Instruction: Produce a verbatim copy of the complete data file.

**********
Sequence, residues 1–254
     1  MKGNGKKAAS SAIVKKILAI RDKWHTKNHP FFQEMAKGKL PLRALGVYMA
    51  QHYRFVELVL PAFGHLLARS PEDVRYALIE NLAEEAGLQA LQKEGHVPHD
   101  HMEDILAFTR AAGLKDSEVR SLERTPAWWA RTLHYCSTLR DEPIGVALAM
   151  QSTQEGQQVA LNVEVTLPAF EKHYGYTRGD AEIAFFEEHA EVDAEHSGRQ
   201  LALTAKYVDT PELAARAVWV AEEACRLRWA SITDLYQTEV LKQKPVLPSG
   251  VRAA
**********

Sequence, residues 1–254
     1  MKGNGKKAAS SAIVKKILAI RDKWHTKNHP FFQEMAKGKL PLRALGVYMA
    51  QHYRFVELVL PAFGHLLARS PEDVRYALIE NLAEEAGLQA LQKEGHVPHD
   101  HMEDILAFTR AAGLKDSEVR SLERTPAWWA RTLHYCSTLR DEPIGVALAM
   151  QSTQEGQQVA LNVEVTLPAF EKHYGYTRGD AEIAFFEEHA EVDAEHSGRQ
   201  LALTAKYVDT PELAARAVWV AEEACRLRWA SITDLYQTEV LKQKPVLPSG
   251  VRAA